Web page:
Fontainebleau is one of the largest and most beautiful French forests and, lying close by, is one of France's most charming and longest established golf clubs - Fontainebleau. This area is steeped in history and royal association and the course is sited within an ancient walled boundary, which adds to the historic ambiance.
The course was originally designed by Tom Simpson and opened for play in 1909. Since then, the course has undergone a number of changes, most notably at the hands of Fred Hawtree in the late 1950s. Nevertheless, the shape and personality of the course retains many of Simpson's original features.
Fontainebleau is not particularly long, measuring 6,074 metres from the back tees, but the greens are small and well guarded. Players will need to think their way round and leave nothing to chance. With small targets to aim at, a good short game is an important advantage.
There is a distinct feeling of England at Fontainebleau, where the fairways wind their way through a rich forest of beech, oak and pine. Keep your eyes peeled for the deer, which are occasionally spotted bolting from the flight of a wayward drive.
The soil at Fontainebleau is wonderfully sandy and well drained, and the many sandstone rocks that are part of the area's natural geology are cleverly integrated into the course. Of particular note is the par five 12th, where large sweeping white rocks block part of the fairway, like white waves on a green ocean. The presence of the thick pine forest means that there is little rough, a bonus, you may think, but the uncomfortable proximity of the dense trees lining each fairway provides its own significant hazard. The semi-blind approach shot to the flat green on the 15th comes in for criticism, but the remaining holes at Fontainebleau more than make up for it. In fact, given the tricky nature of most of the greens here, a dull flat one makes a nice change.
Fontainebleau is invariably ranked in the Europe's top 20 golf courses and it really is well worth a visit. The area, within easy reach of Paris, is full of historic interest and any golf trip can be combined with some memorable sightseeing. The Chateau at Fontainebleau is an absolute treat for enthusiasts of 16th century architecture, history and art.
The Ile de France region has more golf courses than anywhere else in the country but they don't come much better than the delightful Golf de Fontainebleau.
Played this course in May 2017, and this is one of the best courses I have ever played. The most understated club, with the entrance through two large green door marked "golf", but then you arrive at a beautiful clubhouse. The course is a very tight track through the forest, but it was in wonderful condition. It was not manicured as some can be, but the fairways and particularly the greens were tremendous, with the rest of the course just being allowed to be natural. I believe this is close to the no.1 spot in France and it is thoroughly deserved. Definitely one to return to.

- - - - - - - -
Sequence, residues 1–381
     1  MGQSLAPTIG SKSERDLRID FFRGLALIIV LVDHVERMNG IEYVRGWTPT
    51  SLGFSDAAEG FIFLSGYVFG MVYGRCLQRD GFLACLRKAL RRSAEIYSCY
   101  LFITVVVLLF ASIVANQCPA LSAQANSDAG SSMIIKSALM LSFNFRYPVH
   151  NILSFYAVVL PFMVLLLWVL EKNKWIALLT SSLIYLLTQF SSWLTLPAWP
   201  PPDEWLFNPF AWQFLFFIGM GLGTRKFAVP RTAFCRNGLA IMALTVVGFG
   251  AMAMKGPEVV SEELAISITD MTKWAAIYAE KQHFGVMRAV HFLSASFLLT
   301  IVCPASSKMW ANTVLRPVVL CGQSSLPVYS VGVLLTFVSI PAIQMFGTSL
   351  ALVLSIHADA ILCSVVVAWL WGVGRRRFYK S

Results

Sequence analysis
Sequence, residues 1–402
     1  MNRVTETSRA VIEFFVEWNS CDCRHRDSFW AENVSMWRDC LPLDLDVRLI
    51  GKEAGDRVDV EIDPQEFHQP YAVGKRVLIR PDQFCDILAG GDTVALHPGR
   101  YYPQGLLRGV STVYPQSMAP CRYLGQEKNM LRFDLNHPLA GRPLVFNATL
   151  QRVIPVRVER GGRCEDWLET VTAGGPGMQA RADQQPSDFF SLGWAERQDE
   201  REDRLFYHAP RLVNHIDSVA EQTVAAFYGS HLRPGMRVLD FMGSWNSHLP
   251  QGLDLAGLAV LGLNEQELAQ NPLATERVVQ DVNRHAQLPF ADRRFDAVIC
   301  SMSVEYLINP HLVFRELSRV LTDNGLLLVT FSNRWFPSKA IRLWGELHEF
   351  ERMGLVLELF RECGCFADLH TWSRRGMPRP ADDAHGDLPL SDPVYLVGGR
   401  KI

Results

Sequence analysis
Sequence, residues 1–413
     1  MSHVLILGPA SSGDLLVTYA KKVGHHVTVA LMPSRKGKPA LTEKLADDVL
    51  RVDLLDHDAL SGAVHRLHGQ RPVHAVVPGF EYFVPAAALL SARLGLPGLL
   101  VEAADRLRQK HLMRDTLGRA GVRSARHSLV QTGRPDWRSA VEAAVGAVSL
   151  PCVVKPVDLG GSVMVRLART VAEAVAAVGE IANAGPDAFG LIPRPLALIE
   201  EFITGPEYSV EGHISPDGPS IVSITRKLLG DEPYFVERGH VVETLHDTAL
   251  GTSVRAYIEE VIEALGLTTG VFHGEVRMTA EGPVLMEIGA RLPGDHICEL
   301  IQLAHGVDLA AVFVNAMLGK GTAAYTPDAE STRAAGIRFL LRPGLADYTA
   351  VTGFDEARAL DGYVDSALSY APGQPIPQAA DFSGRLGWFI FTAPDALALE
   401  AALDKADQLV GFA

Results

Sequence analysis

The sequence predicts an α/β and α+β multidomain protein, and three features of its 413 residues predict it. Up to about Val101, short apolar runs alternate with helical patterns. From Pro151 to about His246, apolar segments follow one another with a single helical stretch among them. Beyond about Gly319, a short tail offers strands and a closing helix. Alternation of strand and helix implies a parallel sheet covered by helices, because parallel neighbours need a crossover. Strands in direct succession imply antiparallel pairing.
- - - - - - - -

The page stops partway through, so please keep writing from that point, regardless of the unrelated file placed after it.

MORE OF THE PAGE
If you like your heathland gems full of trees you will love this course. Personally, that would be one of my only concerns here at Fontainebleau. I would say the routing is really awesome but they need to remove a couple thousand trees to attempt to bring back some of the openness that the course enjoyed when originally designed. Opening things up will increase pliability and provide ample air and light in order to greatly improve conditioning of the fairways and greens.
The back 9 contains one hole after another where a perfect drive is required from the back tees to extremely narrow tree-lined alleys. Several of these holes are longer than 400 meters adding to the challenge and serving some very intimidating tee shots. The standout in this respect would be the long par 4 15th which doglegs to the left. A long and perfectly straight drive leaves a blind approach between 180 – 220 meters, a tough test for even the very best players.
The short par 4 17th is an excellent drivable par 4 that is a stronger hole from the medal tees due to how the trees on the left have taken over the realistic line to the green from the back tees that would encourage longer players to go for it. The 18th is not a bad hole however, a touch anticlimactic given how strong the stretch of holes on the back 9 are.
The other notable comment would be that there seems to be some inconsistence in the bunker shapes and it’s hard to imagine that much is left from the original Simpson design as many were out of character. Out of all the French courses we played I would certainly say Fontainebleau has the most potential for improvement with a couple of seasons of intense maintenance work. It really is raw as mentioned and has a fantastic routing, it’s just been overtaken by nature.